All office hours are in the CSE Building, EBU3B.

Position Name Email Office Hours
Instructor Mihir Bellare mihir at eng dot ucsd dot edu Th 1:00-2:00 in Room 4244

Lecture Notes

Lecture notes are available here: Lectures on NIZKs. These notes are in a state of constant flux and may be frequently updated. It is best to be looking at the latest, which is why having an Internet-accessing device with you in class is recommended. Last update: 3:00pm February 25, 2020.

Course Information

This class is an introduction to Non-Interactive Zero-Knowledge (NIZK) proofs. We bring to this topic a concrete (as opposed to asymptotic) security perspective. Definitions are formulated concretely. Reduction-based results state, and strive to improve, concrete security. This treatment is important for applications and implementations, where one needs a way to pick parameters to ensure a desired level of security, and to maximize efficiency subject to achieving a particular level of security. But beyond that NIZKs (and ZK proofs in general) are fascinating objects and an excellent training-gym for developing your crypto muscles.

Please bring to class some device (laptop, tablet, ...) on which you can access the above lecture notes. It will often be difficult to write games, and everything else we need, on the whiteboard, and I will rely on our being able to look at the content on our devices, and discuss it in class.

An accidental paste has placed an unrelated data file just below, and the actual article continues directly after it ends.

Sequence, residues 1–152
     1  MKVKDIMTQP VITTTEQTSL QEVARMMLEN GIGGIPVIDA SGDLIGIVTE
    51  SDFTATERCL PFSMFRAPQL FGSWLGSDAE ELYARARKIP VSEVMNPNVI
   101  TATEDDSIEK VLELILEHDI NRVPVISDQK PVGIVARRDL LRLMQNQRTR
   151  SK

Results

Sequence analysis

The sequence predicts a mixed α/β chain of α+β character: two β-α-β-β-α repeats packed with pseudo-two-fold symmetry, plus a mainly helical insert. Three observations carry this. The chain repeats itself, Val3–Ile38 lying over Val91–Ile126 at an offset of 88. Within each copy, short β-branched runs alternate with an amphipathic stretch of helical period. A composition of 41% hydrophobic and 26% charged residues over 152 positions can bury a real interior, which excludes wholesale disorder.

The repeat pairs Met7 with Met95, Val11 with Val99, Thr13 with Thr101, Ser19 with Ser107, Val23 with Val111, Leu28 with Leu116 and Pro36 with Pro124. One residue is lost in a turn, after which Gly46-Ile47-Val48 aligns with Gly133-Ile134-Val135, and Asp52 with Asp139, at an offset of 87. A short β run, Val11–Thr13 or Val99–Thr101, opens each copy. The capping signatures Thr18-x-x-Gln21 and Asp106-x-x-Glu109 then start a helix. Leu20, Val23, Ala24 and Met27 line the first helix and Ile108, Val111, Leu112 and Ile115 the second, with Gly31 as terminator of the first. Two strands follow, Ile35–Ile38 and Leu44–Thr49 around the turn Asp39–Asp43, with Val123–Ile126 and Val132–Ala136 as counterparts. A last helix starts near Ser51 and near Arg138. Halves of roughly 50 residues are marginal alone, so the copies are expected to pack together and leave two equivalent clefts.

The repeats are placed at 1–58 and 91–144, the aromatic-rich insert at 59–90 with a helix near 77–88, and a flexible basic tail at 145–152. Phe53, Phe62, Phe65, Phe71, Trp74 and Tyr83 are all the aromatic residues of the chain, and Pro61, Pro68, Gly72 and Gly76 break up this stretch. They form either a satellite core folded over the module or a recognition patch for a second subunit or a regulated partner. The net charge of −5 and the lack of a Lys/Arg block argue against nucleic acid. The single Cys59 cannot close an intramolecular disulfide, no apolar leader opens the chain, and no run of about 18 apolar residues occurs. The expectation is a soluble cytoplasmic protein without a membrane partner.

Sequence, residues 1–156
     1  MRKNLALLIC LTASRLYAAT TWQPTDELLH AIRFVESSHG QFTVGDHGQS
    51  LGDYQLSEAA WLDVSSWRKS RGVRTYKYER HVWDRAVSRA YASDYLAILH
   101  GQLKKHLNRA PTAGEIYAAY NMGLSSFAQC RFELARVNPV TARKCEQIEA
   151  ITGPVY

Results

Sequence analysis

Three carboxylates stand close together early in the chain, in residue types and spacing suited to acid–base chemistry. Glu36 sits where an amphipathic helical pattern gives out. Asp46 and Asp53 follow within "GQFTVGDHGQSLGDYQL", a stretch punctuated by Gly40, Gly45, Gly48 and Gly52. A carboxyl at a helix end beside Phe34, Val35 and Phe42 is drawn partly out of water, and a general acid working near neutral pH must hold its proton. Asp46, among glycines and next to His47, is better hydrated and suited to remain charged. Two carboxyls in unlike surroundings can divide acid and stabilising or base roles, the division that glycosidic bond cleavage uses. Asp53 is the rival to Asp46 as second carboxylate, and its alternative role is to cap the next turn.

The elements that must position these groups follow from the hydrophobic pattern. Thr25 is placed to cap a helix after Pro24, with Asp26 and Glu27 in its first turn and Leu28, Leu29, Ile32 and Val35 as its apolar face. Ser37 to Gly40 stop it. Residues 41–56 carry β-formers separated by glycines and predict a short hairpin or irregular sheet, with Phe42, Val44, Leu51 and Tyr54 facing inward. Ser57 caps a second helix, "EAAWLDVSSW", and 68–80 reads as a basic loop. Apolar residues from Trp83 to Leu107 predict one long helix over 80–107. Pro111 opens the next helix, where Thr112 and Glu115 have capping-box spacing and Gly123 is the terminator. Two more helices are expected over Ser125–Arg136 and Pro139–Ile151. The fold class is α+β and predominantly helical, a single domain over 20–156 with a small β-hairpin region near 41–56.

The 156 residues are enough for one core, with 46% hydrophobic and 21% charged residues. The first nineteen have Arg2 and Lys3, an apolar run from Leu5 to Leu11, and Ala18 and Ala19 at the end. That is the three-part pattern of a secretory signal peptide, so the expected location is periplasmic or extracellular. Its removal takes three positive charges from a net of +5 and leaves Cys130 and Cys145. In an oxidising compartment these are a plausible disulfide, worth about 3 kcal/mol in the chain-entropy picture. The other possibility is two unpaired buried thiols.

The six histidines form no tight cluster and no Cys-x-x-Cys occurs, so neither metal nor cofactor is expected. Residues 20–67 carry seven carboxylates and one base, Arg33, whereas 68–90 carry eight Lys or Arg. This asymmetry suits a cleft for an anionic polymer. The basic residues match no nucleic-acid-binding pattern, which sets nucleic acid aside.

This class is at the boundary between a regular course and research. The content includes both things that are new and things that are in the literature, and even when we cover the literature we present it quite differently. There is some degree of exploration, which brings with it some degree of uncertainity that may, at first, be disconcerting, but will with time, hopefully, be exciting and empowering. You move from the standard educational setting, where definitions and results are made for you by others, to asking why they should be one way not the other, and making up your own. You are expected to develop critical thinking. Your will not just learn, but evaluate knowledge, see weaknesses, propose and undertake improvements and advances. You will see that knowledge is not fixed, but socially constructed. At times we will look directly at papers in the literature and compare with the lecture notes, the intent being that you learn how to read papers.

Course requirements may include some number of homeworks and grading of a homework. The course grade depends on these and a discretionary component that is influenced by class participation, outside-class interactions, or other elements that, as the term indicates, are at the instructor's discretion. Homework problems may be ambiguous, which may at first frustrate those used to ones from regular courses, but the ambiguity is to some extent intentional, and I don't necessarily know the best answers or have something in mind that I am seeking. It is asking you to make choices about what is a good question and and defend them. It is asking you to make choices about what is a good answer, and to define and limit the scope of your answer.